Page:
Book buying ban? Madness! Even though I should be on one myself…

    • Thanks Annie ๐Ÿ˜€ I never consider the publisher specifically when buying a book, but I am definitely much more aware of publishers, imprints etc than before I was blogging. I see an imprint and think ‘oh that’s part of X publisher’ ๐Ÿ˜›

  10. Fab! Eagerly waited for this.

    1 – I think most book bloggers have resigned themselves to the fact that their audience is mostly fellow bloggers, and I think that’s OK.

    2. I considered this to be books I buy. Paperbacks by far outweigh the rest, but I would buy more eBooks than hardbacks. Doesn’t mean I always read them but I have a weakspot for eBooks with lovely covers that range from ยฃ0.00-ยฃ0.99p. I count eBooks priced at ยฃ0.00 as books I’ve “bought” because they aren’t arcs and they do go up in price once they’re off promotion. I RARELY buy a hardback unless it happens to be a fabulous offer.

    3. I would buy more second hand books if I was able to nearby, I don’t buy secondhand on-line cuz I can hunt out the best deals ever on new books, so they’re actually cheaper.

    4. I do buy mostly online from either the likes of Amazon or bookshop chain websites, the deals are simply better. I don’t have a local independent really so the best I can do is support the local book chain. I’d be devastated if they were to shut down.

    6. I haven’t done this yet, but I intend to. I’d only buy it if I loved it that much I’d want a copy on my shelf to reread. The fact I have the eBook to reread is a bonus. As far as I know publishers write these sales off anyways, so any sales is a bonus. I’m curious though – does the finished copy ever really change THAT much??? I’m thinking I might make a response post based on this comment and these questions, cuz it is loooong.

    7. If I can ever buy one book, there’s a reason it’s only one. I buy none for 6 weeks then splurge!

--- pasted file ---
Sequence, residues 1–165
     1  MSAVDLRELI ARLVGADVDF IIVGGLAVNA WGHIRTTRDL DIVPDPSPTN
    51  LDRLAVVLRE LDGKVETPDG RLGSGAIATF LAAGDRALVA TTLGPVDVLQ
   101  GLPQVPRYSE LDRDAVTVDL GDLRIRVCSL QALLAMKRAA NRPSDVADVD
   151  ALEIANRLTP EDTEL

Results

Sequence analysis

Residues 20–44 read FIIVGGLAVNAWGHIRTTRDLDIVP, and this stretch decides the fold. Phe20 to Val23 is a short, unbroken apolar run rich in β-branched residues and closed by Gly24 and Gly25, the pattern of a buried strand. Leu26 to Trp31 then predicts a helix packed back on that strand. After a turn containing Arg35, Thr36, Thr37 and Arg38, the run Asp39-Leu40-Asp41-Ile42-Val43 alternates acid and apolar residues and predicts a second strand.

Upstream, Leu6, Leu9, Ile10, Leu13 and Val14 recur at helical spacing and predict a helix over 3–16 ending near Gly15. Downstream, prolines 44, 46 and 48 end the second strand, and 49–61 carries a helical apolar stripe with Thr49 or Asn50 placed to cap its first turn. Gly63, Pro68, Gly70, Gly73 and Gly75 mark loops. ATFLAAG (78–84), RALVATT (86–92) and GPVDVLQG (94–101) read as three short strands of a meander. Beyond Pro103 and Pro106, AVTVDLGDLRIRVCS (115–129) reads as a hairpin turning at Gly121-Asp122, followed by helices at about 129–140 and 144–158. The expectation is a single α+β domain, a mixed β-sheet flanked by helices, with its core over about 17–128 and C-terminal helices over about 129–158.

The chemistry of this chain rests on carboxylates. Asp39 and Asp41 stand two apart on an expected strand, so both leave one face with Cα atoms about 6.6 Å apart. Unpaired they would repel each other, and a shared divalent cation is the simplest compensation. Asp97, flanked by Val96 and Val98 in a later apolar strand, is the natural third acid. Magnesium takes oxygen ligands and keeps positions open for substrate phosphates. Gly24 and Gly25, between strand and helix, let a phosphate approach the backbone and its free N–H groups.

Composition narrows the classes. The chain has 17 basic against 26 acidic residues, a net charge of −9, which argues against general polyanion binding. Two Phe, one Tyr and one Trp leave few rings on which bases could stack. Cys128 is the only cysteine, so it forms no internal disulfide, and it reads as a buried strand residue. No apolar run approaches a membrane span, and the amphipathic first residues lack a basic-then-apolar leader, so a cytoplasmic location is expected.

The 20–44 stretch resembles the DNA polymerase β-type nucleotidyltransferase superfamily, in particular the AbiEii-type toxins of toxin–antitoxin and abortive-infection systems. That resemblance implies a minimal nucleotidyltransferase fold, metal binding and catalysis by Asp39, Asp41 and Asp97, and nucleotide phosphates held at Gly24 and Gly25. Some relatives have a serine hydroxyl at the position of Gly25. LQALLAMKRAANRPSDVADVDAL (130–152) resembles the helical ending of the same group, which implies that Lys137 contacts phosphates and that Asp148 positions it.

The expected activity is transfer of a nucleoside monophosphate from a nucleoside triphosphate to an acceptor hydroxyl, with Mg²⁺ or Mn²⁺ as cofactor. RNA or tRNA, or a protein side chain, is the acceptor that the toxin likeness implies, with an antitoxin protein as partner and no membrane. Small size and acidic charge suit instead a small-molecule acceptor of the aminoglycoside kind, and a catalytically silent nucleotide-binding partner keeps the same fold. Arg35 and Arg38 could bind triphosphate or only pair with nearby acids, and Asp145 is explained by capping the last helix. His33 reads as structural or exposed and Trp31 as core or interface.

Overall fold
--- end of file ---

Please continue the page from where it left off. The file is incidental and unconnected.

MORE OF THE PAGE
R x

    Rachel recently posted: New Feature! (S)he Said
    • Yes, perhaps sometimes we isolate non-bloggers with talks of ARCs etc, but I don’t mind if my readers are bloggers or not, as long as they love books and chatting about them ๐Ÿ˜‰

      I tend to find myself only buying hardbacks if I want that book there and then, and there’s no pback yet, or if it’s second hand and I’ve wanted it for ages, but they only have a hardback copy. Then I think it’s worth putting up with the bulkiness because it was so cheap ๐Ÿ˜›

      Yes, second hand online can prove more expensive once you factor in shipping and/or postage… although one of my favourite places, especially for academic books, is AbeBooks ๐Ÿ™‚

      A lot of us don’t seem to have local independent shops, to be honest! Perhaps that’s another possible question to tie in – do you have access to an independent book shop, and do you use it?

      Most of the finished copies don’t differ TOO much from the ARCs we receive, I think the main thing is tidying up grammar, punctuation and formatting? If you write a post, be sure to let me know! ๐Ÿ˜€

  11. Wow! This was definitely really interesting! It’s weird seeing how all bloggers come out with different results when they do surveys. I’m seen 50/50 bloggers and non-bloggers before and that was so surprising! I’m amazed by how many people can control their buying. :O Even though I think most people prefer hardbacks, paperbacks are just so much cheaper which is why they always come out on top for me! ๐Ÿ˜€

    • I know! If I’m in a charity shop, I’m doomed. I always buy at least four books…

      Paperbacks are my favourite too ๐Ÿ˜€